Drugs could help those who only have high levels of inflammation, experts say
TUESDAY, Sept. 22 (HealthDay News) -- Statins could be as beneficial for people with acceptable cholesterol readings but high levels of inflammation as they are for those with high cholesterol levels, a new analysis finds.
An earlier study of more than 17,000 participants, known as the JUPITER trial, found that rosuvastatin (Crestor) cut the risk for serious vascular problems in people whose cholesterol levels were not high while high-sensitivity C-reactive protein (hs-CRP) levels were.
CRP is a protein that increases during whole-body inflammation, and testing its levels has become an additional way to assess the risk of cardiovascular disease.
"The JUPITER trial demonstrated that rosuvastatin, when given to apparently healthy men and women with low cholesterol but increased hs-CRP, reduced heart attack by 55 percent, stroke by 48 percent, angioplasty and bypass surgery by 46 percent and all-cause mortality by 20 percent -- all highly significant -- and did so in the absence of major side effects," said Dr. Paul Ridker, director of the Center for Cardiovascular Disease Prevention at Brigham and Women's Hospital in Boston and a member of the JUPITER Study Group. He is the lead author of the new analysis, which is published online Sept. 22 and in the November issue of Circulation: Cardiology Quality and Outcomes.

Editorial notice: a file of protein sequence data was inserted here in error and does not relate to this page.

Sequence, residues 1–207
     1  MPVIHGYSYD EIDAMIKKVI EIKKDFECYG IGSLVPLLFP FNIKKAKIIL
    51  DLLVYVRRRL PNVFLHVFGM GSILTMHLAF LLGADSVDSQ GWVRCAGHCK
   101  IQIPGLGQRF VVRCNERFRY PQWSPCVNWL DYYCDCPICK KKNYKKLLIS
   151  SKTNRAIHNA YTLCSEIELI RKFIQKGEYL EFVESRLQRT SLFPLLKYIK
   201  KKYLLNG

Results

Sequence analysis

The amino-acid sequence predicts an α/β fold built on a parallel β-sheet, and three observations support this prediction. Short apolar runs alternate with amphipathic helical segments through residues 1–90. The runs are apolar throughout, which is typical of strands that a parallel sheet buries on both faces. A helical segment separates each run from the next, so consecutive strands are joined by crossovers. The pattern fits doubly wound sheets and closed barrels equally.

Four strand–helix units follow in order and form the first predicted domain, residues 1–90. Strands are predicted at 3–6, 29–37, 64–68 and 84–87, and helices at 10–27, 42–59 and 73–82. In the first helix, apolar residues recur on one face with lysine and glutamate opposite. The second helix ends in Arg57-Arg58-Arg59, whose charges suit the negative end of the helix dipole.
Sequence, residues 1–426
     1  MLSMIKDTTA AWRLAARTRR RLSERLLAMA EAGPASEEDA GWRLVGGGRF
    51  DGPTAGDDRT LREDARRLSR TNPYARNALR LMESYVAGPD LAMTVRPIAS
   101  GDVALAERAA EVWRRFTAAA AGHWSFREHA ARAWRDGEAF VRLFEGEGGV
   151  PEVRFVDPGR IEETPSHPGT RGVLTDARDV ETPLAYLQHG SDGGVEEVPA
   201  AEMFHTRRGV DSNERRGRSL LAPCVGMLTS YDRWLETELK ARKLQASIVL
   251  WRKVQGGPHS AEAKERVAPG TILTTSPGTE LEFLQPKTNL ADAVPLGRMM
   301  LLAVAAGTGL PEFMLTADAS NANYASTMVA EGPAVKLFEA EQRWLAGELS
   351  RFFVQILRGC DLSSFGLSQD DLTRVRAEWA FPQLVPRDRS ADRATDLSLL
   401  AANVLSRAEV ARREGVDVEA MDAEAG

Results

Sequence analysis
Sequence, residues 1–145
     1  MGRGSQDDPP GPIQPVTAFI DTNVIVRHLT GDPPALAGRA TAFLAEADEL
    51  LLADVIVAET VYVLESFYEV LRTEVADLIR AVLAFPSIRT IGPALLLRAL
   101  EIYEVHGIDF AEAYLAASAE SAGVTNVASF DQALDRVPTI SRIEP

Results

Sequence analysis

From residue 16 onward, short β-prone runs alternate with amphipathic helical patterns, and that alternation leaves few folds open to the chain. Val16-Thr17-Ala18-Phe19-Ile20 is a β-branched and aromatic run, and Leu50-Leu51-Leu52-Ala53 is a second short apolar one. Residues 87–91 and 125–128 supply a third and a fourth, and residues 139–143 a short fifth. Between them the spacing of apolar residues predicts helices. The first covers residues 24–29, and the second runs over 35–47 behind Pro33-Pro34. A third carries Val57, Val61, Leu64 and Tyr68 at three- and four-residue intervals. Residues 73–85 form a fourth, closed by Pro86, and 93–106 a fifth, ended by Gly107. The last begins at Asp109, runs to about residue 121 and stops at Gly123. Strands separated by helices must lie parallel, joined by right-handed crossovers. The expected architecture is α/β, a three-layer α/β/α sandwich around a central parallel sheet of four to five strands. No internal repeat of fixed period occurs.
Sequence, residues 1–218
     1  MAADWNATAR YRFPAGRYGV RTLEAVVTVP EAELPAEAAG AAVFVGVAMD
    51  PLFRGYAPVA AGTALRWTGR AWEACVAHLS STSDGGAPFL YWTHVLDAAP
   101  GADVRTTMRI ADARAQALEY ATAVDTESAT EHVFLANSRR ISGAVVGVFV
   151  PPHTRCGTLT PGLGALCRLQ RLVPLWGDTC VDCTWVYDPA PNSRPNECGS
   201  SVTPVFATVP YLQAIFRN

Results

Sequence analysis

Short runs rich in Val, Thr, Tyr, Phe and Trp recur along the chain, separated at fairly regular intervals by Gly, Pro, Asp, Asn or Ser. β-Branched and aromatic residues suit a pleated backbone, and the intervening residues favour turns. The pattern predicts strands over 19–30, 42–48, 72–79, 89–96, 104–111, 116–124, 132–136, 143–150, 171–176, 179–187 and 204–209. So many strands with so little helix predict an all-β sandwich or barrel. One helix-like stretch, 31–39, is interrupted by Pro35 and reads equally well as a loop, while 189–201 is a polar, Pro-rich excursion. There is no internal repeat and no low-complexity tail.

The new analysis takes the study results a step further, attempting to interpret them in practical terms -- to evaluate whether the absolute risk reduction justifies wider prescribing of the statins.
Ridker and his colleagues calculated the absolute risk reduction and also used an epidemiological measure called "number needed to treat." That measure looks at the number of people who would need to be treated to prevent one additional bad outcome.
The JUPITER participants all had acceptable LDL
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